The manifesting, lower, half of the pattern is active throughout and the upper, receptive half is manifested by feeling (line 5); so the tao is about activity of manifestation which we join in feeling but we do not attach ourselves either outwardly or inwardly (lines 4 and 6 are yang). This is developing our outer-inner relationship; we stand between them and feel.
We hesitate to identify our inner being in this tao (Li) and our identified self cannot take advantage of our circumstances (K’an). This slows our response and stills our outer flow of activity (Kên). The common name of the hexagram is “progress”; when we have doubt and hesitation in our being the question of progress arises.
The Chinese Oracle
This image tells us what the progress is about. Our reality is ruled by what we distinguish or identify, so this process is the king and ruler and his progeny the prince is our identified self. Having audience with the king is being privy to the process of identifying, so our reality here is not in what we identify but in our being part of the cyclic process that rules our reality. The cycle is symbolized by “one day” and its changes by the number three; here is the progress, and without tranquillity we cannot be part of this; the many horses symbolize that many directions become available at one time when we do not identify in the process of the cycle.
Line 1 goes yanglife force shows less change
This tao is about being in the flow and not manipulating it. Here the life force ebbs and this is not our doing, so if we just continue to be, the flow will come back.
By remaining alert amongst small activity we will not only see its first signs of regrowth but also experience awareness with no objective. This change in experience is itself progress although we cannot conceive it until it happens.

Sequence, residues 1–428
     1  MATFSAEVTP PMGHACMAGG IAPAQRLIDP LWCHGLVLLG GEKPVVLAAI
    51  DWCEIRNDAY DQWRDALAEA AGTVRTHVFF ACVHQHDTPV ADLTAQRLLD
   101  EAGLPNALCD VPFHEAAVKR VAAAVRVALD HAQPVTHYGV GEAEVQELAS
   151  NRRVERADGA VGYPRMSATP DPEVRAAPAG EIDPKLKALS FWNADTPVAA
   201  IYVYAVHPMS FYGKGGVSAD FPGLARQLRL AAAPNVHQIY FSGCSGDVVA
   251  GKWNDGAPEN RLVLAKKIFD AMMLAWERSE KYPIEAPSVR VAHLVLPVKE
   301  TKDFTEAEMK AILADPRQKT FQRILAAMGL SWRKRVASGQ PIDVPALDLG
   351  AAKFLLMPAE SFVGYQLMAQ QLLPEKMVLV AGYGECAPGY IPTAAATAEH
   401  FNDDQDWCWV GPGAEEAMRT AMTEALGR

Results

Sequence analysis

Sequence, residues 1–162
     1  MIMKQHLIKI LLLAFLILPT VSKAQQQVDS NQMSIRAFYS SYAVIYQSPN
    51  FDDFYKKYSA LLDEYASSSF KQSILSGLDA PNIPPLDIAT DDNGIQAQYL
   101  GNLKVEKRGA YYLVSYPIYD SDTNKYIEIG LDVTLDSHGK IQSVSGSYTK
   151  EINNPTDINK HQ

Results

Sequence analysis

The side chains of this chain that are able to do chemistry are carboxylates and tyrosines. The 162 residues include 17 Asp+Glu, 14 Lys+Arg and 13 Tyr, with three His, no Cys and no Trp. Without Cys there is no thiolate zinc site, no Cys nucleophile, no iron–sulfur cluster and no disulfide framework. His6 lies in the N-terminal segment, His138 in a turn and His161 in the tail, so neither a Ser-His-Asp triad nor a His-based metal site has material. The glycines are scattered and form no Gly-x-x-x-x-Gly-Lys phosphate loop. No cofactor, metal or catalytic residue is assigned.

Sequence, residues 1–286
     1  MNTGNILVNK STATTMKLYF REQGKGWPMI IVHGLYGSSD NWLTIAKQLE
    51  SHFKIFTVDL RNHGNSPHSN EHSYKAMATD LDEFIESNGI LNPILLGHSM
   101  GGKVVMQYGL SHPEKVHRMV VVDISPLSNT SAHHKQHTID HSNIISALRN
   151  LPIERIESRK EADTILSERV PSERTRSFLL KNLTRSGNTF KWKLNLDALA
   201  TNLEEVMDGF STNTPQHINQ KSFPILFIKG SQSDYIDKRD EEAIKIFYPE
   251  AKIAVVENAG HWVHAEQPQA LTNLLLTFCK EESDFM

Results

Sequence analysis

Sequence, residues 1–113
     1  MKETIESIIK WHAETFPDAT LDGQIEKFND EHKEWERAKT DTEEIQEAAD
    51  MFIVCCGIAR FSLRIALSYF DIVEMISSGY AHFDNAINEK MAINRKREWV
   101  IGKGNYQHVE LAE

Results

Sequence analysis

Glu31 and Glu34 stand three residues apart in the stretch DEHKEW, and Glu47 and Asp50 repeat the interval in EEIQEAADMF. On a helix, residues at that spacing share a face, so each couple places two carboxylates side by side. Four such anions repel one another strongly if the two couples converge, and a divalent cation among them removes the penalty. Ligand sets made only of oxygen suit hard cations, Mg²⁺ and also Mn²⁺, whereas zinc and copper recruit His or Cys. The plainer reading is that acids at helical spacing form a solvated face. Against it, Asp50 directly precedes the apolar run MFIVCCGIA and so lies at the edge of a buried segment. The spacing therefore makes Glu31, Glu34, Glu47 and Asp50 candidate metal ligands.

Line 2 goes yangintuitive feeling less active
Our intuitive feeling of the life force diminishes while we are attached to progress outside in the world. In this tao outer activity is stilled (in trigram Kên) so looking for activity here is disappointing.
The grandmother symbolizes an old generation of feeling, past feeling, and past feeling coming into the present is emotion; so as we feel less of our present circumstances, past feelings find their release; they needed release so this is a blessing.
Line 3 goes yangouter world changes less
We normally make activity in order to control our circumstances; here we do not do this but trust in the tao of progress itself.
To live without manipulating requires giving up our hoping; we can only regret if we have been hoping for something.
Line 4 goes yinaccepting the outer state more
The progress of being in the flow is towards balancing the inner and the outer; if we keep returning to our outer reality for a sense of realness we repeat habit tracks.
The rodents have typically quick, darting movements, running for cover, and here it is as though we were using the outer reality as safe cover. We feel unsafe when we cannot distinguish and identify our circumstances but the greater danger lies in our being trapped in distinguished reality as the only way of being that we can recognize.
Line 5 goes yangless awareness of intuition
In this tao progress is toward the balance of inner and outer (the non-defined and the defined), so in this moving line we are following the tao as we become less involved in identifying our feelings—we still feel but our mind does not take over the feeling.
The choice between gain and loss is something we experience by going out from our centre into definition; without this there is no regret, no hope to be dashed. When we act in the movement of the moment everything is furthered, not just that which would lead to a particular outcome.
Line 6 goes yinour inner being accepts more
In this tao the inner being holds back from identifying itself, but here it does accept responsibility for its circumstances, which has dangers in a tao of not having particular identification.
To move out of the centre to any identified state involves regret, but to deal with identified parts of our being, a stance is necessary—it is necessary and so correct and it is also dangerous in case we lose the centre again.